<Utnapishtim> Looking forward to tonights chat?
<BJKlein> quite so... special guest.. and great author
<Utnapishtim> I haven't read his book
<BJKlein> hop to it man
* MichaelA checks out the first 25 pages that are online
<Utnapishtim> Would it ever be viable to have Eric Drexler or robert ettinger participate in an imminst chat ya think?
<BJKlein> I've asked Ettinger.. but he's not yet receptive
<BJKlein> I've asked Ray Kurzweil.. and he's not yet receptive as well..
<Utnapishtim> but he hasn't ruled it out in the future I hope...
<BJKlein> haven't asked Drexler
<BJKlein> not I don't think he's ruled it out
<Utnapishtim> I think Kurzweil will be a lot more receptive shortly before his new book is launched
<BJKlein> could be.. he's offered to help us with the ImmInst Book Project
<Utnapishtim> Maybe he is worried about being grilled by Eliezer
<Utnapishtim> wow.. That would be awesome
<BJKlein> heh.. would be.
* MichaelA hopes the new book won't be a disaster
<BJKlein> Kurzweil's book?
* MichaelA nods
<BJKlein> hmm.. not sure..
<mikep> "Show time" must be soon, eh?
<BJKlein> 2mins i think?
<BJKlein> unless my clock is slow...
<MichaelA> 1.5 minutes!
<MichaelA> 1 minute! (by my clock)
<BJKlein> this shall be quite fun!!
<BJKlein> same here..
<Utnapishtim> I hope that his overoptimism regarding getting the book release date is not a reflection on his future predictions in general...
* BJKlein Official Chat Start Now (Welcome Mike Perry!)
<Utnapishtim> Thanks for joining us Mike!
<BJKlein> Have you counted up the number of suspensions you have helped with over the years?
<mikep> Some years ago I did. I think it was 43. Add maybe 10 more since then.
<BJKlein> That's amazing...
<mikep> Most of Alcor's cases I've helped on, actually.
<BJKlein> is there anyone with more cases?
<mikep> Hugh Hixon, definitely. Anyone else--not sure. CI has quite a few now too.
<MichaelA> memetics questions: how has the attention towards Alcor increased since the Williams case, and how much attention has your book received?
<mikep> The Williams case resulted in a lot of media and other inquiries but did not change the signup rate by any substantial amount.
<MichaelA> (interesting quote from the book: "Immortality is not precluded; even self-engineered, eternal salvation must be regarded as a possibility.")
<mikep> As for my book, some but not overwhelming. Maybe 250-300 copies sold so far. No advertizing though, except from what you see on the Web.
<MichaelA> not bad
<MichaelA> your book hopscotches over a lot of interesting issues that the more mainstream transhumanist/immortalist authors would be reluctant to touch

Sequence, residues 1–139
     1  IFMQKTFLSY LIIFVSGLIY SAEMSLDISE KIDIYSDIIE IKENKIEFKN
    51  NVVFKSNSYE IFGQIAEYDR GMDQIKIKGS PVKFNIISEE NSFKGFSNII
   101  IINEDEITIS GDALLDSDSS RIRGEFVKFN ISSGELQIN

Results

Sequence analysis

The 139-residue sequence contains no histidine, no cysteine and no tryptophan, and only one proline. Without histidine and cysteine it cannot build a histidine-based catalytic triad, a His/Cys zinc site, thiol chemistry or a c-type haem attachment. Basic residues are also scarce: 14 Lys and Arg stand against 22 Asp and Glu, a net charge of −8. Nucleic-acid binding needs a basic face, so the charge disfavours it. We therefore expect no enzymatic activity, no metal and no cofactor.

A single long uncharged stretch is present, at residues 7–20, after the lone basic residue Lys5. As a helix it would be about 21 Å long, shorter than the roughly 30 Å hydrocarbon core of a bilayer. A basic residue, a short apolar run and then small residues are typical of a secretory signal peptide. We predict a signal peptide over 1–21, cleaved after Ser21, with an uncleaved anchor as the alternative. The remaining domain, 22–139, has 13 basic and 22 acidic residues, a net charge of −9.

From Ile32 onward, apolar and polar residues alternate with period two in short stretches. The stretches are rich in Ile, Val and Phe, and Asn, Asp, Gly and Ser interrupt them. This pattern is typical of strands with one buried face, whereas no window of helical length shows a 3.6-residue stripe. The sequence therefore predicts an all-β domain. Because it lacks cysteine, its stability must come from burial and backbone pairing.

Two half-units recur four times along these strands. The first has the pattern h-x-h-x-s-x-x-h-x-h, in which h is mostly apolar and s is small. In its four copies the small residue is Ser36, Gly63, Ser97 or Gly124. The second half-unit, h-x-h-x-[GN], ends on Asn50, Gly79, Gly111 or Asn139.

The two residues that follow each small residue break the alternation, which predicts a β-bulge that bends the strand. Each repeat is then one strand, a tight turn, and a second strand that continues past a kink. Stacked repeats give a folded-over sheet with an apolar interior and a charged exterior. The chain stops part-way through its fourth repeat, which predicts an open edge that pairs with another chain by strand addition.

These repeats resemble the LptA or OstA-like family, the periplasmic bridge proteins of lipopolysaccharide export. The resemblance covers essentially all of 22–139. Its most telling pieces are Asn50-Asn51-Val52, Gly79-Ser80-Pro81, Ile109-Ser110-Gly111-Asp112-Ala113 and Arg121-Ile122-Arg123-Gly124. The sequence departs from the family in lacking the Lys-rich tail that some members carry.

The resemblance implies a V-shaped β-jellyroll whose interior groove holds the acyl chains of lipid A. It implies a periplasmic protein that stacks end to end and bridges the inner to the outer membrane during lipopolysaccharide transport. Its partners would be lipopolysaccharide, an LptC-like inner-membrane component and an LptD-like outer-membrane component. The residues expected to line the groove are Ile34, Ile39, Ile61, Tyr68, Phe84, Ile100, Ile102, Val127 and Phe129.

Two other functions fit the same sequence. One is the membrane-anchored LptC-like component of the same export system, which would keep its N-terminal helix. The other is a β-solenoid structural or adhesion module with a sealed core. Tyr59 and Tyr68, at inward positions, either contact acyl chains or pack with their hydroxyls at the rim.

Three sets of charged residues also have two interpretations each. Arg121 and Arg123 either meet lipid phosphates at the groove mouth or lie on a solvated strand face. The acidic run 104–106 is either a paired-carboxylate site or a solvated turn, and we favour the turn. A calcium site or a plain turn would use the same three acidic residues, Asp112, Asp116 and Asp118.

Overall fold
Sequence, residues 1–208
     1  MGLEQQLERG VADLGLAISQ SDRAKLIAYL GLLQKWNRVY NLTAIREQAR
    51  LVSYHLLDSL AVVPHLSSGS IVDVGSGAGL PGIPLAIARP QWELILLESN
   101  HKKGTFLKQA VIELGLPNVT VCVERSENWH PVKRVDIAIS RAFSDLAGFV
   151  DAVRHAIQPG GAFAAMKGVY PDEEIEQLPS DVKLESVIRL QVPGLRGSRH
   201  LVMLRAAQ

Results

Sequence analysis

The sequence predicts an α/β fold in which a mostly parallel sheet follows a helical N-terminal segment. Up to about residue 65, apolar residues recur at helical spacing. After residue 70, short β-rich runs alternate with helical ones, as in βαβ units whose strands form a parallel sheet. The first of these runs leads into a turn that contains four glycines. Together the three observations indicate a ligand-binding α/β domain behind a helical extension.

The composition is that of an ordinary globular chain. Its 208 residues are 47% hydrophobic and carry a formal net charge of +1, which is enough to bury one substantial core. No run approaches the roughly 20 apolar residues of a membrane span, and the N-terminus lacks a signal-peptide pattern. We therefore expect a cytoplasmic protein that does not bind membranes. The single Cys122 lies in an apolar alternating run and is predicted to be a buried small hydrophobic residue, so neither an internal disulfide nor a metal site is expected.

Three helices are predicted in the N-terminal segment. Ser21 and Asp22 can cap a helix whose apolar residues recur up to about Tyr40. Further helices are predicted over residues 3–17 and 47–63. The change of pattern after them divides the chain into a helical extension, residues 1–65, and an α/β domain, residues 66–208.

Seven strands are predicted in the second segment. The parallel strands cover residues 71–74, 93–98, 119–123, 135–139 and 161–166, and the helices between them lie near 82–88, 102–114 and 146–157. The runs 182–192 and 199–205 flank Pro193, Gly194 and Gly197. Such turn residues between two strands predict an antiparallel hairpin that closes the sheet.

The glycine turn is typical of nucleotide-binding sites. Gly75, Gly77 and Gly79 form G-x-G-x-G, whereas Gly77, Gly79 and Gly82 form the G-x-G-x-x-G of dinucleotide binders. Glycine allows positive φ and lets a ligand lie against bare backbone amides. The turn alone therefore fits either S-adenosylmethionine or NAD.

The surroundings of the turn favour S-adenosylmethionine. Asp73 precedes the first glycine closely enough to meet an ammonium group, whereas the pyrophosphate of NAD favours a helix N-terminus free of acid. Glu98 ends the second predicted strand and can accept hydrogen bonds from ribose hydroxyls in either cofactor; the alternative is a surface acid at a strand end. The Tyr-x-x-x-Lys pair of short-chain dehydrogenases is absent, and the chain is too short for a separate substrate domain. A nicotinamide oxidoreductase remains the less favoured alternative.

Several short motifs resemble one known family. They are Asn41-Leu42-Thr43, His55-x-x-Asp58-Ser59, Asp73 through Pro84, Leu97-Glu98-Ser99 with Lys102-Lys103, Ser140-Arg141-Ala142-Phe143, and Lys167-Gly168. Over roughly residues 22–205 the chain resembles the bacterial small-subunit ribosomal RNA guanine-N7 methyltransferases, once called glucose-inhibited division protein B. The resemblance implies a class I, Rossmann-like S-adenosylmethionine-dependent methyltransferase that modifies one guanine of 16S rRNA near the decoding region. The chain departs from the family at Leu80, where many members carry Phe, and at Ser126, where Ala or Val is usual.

<BJKlein> Yes, that's a respectable sum considering no advertisment, etc.
<mikep> I was tempted to try one of these deals where you can reach millions of email addresses to promote the book--what they now call spamming. Glad I didn't.
<BJKlein> bless you Mike
<MichaelA> yeah, that would probably garner much more annoyance than anything else
<Utnapishtim> How likely do you personally consider the resurrection of cryonics members suspended under presently ideal conditions to be?
<hkhenson> the williams case was very different from the Dora Kent case that resulted in a large upsurge in the numbers signing up. Is there speculation in Alcor as to why the difference? If so, what do they think made the difference?
<mikep> Resurrection under presently optimal conditions: pretty likely I think. If enough brain structure survives, it should be a "go" unless civil unrest or something else terminates suspensions.
<John_Ventureville> Hello Mike, this is John from the "Ventureville News," please include in your answer how Larry Johnson affected things."
<John_Ventureville> : )
<mikep> Williams case again: (hkhenson): I haven't heard much talk about this, but one factor is that with DK we were perceived as underdogs attacked unfairly by the mighty bureaucracy. That may have made a difference.
<MichaelA> I guess it was just a matter of how most media outlets chose to spin the story
<Cliff> Do you believe that means will eventually be devised to compute the essential characteristics of all possible sentient identities? Is cryonics a hedge against the possibility that a person's sentient identity will never be duplicated in any other place, time, or universe unless sufficient information from its initial occurrence is preserved continuously until scientists gain the capability of restoring it? Alternatively, is cryonics s